Posted by Bellevue Ave | March 25, 2008 4:13 PM

well, with your correction, my post doesn't make as much sense. it was a question with an added snark bonus.

Posted by infrequent | March 25, 2008 4:14 PM

" Superdelegates should not be the deciding factor. "

No matter what you think should happen, superdelegates will be the deciding factor one way or another. That's what they're there for and the numbers don't add up for either candidate anyway.

Posted by josh | March 25, 2008 4:15 PM

i don't know -- that's not what they are there for, is it?

Posted by infrequent | March 25, 2008 4:30 PM

No, superdelegates were put there to make sure we didn't have the religious right or ultrapatriots capture the Dem nominating process.

One of the problems the MSM has been having is the similar policy views (NOT identical) on many issues for both Clinton and Obama, both of whom are very well qualified to represent the Dems in the General election in November. Which means, basically, the superdelegates should, for the most part, anoint either candidate, depending on who actually wins.

Which, of course, means Obama. Even if Hils blackmails the party into allowing the ridiculous results from MI and FL to stand.

Posted by Will in Seattle | March 25, 2008 4:31 PM


Hillary was initially the presumptive nominee. She has the connections, she's married to a former president, she has more power to make life tough for any colleagues who don't support her. If a vast majority of superdelegates support her enough to overrule the pledged delegate count (and risk damaging the party overall), they would have come out and said so already. Their silence is telling.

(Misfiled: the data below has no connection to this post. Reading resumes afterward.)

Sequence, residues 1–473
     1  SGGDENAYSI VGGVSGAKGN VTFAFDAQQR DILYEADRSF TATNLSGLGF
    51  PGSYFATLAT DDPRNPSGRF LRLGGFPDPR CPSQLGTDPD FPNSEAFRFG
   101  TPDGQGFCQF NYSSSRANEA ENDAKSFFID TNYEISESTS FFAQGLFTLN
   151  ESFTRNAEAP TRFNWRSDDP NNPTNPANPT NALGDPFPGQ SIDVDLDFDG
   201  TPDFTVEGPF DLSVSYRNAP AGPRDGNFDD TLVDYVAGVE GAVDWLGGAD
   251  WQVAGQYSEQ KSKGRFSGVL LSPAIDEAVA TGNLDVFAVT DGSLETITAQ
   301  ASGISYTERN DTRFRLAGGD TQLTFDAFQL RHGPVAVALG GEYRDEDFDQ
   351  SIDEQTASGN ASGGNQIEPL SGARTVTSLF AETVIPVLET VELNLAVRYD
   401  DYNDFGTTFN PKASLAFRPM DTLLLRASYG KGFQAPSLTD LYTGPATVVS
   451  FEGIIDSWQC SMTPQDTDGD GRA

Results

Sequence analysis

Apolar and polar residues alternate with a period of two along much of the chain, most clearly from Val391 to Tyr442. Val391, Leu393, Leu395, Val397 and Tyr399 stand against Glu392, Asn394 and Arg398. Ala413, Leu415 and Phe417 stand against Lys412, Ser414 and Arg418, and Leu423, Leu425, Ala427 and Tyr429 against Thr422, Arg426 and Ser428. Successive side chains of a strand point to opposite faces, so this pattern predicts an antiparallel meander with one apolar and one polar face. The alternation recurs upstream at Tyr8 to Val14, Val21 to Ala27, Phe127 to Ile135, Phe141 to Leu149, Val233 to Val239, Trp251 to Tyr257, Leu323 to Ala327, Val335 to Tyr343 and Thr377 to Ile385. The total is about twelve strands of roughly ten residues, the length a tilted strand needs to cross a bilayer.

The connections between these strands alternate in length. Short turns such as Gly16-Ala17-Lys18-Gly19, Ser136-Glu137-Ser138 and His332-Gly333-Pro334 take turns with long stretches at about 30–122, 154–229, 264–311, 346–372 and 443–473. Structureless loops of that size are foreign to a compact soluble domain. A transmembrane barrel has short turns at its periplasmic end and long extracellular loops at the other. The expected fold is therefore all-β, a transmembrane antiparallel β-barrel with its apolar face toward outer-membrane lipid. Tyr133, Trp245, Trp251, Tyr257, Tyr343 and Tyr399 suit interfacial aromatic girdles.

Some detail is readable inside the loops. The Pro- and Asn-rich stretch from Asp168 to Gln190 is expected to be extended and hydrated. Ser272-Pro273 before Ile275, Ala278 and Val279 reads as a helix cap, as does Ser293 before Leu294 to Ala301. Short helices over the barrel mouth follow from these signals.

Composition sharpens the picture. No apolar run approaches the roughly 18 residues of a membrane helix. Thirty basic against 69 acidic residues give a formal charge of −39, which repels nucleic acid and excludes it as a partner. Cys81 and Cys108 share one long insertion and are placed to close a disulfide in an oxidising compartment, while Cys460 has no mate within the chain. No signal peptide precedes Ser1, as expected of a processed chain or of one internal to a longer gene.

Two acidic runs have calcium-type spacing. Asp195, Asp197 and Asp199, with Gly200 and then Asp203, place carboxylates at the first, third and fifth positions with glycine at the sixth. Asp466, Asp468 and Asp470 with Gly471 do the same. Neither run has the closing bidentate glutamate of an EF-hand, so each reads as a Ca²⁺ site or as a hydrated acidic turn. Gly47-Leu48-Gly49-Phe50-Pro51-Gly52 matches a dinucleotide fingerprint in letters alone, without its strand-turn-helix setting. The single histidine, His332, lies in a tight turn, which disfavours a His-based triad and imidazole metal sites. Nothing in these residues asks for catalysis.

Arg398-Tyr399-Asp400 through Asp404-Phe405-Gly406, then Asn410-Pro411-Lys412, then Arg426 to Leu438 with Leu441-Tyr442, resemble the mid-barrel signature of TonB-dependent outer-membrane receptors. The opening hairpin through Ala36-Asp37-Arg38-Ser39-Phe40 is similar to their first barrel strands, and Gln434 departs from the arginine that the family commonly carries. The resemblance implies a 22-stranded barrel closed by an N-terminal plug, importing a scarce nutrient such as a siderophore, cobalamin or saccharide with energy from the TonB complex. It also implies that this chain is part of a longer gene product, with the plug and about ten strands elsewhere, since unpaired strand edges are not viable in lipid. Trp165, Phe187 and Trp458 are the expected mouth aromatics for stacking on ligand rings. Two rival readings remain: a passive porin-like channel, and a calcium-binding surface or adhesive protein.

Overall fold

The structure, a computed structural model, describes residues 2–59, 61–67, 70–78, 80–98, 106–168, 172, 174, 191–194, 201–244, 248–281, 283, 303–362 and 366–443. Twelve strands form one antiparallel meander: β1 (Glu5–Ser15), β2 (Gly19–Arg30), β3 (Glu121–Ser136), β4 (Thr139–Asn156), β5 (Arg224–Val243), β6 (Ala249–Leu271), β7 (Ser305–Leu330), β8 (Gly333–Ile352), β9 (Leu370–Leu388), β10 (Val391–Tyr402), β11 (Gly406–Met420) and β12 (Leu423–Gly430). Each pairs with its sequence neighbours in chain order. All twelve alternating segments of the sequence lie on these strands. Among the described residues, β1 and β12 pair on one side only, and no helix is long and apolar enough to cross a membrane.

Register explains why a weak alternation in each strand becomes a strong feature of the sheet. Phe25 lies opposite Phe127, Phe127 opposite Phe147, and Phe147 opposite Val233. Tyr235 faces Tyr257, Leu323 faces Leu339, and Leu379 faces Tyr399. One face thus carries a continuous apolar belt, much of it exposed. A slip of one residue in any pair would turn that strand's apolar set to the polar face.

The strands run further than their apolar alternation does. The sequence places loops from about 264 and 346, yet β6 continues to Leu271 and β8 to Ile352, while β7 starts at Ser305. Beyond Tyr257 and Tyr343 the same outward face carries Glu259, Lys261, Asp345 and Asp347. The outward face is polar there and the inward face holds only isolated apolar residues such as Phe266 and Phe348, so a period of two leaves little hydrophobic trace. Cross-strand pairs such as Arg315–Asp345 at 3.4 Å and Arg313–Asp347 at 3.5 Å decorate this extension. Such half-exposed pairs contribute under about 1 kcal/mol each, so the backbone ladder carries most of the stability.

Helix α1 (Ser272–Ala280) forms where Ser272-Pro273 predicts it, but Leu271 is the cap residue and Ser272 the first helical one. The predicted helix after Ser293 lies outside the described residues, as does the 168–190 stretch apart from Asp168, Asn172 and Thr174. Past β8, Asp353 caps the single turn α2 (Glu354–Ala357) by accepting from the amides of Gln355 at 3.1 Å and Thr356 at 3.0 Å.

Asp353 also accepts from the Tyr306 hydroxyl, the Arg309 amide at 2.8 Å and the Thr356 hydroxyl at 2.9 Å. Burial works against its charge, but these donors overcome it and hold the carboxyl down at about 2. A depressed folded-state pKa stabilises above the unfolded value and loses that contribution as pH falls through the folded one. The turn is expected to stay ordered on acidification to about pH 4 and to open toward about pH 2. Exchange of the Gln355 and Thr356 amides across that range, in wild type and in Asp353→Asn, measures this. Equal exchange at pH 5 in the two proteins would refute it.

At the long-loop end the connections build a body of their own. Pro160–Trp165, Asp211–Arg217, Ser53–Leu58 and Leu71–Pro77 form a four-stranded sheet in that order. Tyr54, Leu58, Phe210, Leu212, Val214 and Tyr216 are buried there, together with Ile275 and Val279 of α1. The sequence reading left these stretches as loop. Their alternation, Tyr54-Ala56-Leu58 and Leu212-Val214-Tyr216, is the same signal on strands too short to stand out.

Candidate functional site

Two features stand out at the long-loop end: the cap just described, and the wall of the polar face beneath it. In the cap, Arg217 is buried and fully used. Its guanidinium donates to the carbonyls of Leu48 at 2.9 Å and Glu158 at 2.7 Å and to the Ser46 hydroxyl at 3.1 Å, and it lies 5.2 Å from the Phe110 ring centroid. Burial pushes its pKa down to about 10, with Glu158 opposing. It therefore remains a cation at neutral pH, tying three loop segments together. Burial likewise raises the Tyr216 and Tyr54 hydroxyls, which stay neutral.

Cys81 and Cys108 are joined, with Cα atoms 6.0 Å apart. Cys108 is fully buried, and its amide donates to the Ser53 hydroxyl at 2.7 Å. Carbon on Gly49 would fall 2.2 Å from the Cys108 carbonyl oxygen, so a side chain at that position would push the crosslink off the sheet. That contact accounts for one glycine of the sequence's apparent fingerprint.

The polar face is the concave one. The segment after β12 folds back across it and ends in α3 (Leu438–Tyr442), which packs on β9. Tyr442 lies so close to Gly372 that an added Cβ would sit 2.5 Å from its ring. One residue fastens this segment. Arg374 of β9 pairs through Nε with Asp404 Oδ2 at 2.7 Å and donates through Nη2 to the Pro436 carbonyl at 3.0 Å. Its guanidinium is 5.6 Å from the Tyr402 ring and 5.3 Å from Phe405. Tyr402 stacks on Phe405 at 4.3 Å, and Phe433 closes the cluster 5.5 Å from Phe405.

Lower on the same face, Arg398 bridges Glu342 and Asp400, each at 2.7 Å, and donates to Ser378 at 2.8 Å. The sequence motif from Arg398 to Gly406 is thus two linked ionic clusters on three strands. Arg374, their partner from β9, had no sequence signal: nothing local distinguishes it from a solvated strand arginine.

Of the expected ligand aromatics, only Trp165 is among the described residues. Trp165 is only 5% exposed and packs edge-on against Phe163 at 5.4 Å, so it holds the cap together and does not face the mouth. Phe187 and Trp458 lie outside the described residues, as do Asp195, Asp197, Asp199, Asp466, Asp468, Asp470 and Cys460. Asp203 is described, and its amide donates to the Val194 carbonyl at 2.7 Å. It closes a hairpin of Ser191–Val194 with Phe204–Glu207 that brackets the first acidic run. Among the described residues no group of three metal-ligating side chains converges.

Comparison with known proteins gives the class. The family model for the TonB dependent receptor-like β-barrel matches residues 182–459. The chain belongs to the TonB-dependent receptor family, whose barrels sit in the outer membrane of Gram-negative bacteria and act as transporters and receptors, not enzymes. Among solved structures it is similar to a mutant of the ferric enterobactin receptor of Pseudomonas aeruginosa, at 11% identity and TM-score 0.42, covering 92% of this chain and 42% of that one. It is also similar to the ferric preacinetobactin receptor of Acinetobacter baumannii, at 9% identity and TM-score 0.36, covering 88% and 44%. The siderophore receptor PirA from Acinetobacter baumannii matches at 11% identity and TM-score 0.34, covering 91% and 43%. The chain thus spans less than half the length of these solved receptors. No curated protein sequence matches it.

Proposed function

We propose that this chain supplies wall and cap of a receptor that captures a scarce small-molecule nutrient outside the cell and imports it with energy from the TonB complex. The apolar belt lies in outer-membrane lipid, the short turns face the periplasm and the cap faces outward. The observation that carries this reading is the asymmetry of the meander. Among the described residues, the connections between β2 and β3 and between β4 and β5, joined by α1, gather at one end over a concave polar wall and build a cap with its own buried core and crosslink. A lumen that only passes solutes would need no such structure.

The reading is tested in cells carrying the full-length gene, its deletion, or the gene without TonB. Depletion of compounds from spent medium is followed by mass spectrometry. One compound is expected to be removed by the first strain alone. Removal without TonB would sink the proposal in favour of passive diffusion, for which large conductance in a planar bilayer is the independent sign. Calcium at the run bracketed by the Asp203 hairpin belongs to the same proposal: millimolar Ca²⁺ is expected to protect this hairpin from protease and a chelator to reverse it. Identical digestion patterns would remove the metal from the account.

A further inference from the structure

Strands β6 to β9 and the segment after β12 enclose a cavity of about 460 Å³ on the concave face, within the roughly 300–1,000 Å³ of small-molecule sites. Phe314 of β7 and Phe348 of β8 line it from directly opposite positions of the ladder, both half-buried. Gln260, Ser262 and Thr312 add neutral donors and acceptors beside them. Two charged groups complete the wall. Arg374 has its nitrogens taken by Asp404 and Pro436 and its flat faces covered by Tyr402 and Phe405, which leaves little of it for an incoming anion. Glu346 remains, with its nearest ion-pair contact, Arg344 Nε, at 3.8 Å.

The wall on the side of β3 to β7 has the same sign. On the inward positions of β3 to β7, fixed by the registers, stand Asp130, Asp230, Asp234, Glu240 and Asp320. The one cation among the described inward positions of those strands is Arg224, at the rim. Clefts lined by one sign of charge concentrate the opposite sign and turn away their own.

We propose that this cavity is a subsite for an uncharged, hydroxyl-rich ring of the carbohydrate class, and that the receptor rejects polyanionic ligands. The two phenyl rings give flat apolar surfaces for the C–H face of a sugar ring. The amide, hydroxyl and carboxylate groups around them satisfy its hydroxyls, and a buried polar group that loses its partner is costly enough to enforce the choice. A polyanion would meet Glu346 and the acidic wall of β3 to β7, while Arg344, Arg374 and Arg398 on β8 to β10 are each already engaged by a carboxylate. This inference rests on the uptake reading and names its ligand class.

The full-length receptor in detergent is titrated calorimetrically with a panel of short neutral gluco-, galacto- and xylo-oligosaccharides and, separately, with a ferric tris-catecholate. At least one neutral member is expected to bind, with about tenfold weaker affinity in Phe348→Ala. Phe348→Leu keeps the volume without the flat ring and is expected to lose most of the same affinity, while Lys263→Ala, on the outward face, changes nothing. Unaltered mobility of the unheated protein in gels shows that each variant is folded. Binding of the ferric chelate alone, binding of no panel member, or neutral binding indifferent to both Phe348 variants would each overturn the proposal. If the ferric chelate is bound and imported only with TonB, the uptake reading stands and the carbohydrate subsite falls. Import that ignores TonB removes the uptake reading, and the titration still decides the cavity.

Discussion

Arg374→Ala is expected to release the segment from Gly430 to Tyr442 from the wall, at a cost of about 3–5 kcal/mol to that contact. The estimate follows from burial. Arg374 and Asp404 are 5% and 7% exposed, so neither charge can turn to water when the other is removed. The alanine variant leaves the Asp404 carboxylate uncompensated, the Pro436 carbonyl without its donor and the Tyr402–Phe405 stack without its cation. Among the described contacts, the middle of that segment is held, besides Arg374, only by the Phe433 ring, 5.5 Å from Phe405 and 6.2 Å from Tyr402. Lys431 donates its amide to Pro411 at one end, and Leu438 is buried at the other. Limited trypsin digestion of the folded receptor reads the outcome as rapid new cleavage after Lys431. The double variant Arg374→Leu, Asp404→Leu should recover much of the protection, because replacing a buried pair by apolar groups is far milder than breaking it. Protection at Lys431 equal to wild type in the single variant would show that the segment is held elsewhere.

But, as I already said, keep dreaming.

Posted by keshmeshi | March 25, 2008 4:40 PM

Seeing as how Clinton needs ALL of the remaining superdelegates, but instead she's slowly but surely shedding the ones she already has, I don't think it's accurate to say this is still a contest. If she comes out of PA with +70 or so (a 75-25 split) then MAYBE Clinton can get back in it, if she then finishes very strong in all the remaining contests.

Really, it's not as close as Clinton supporters are making out.

Posted by Fnarf | March 25, 2008 4:55 PM

What #17 said. I'm pro-Obama, but people who say that super delegates shouldn't overturn the will of the people don't get what the supers are there for. In this case, since Clinton and Obama are pretty close policy-wise, I think it makes more sense to go with the person in the lead (Obama), but since the candidates are also pretty close in pledged delegates, I wouldn't be surprised if a lot of the supers go for Clinton. They can always argue, and I think reasonably, that neither candidate cinched the nomination, so they just went in and did their job to put one or the other over the top.

Posted by spencer | March 25, 2008 4:55 PM

It doesn't matter. If you're afraid that superdelegates are mostly for Clinton, and are going to "overturn" an Obama victory, relax; that's a Clinton campaign meme, but it's not true. The superdelegates are going to (mostly) vote for Obama.

Posted by Fnarf | March 25, 2008 7:25 PM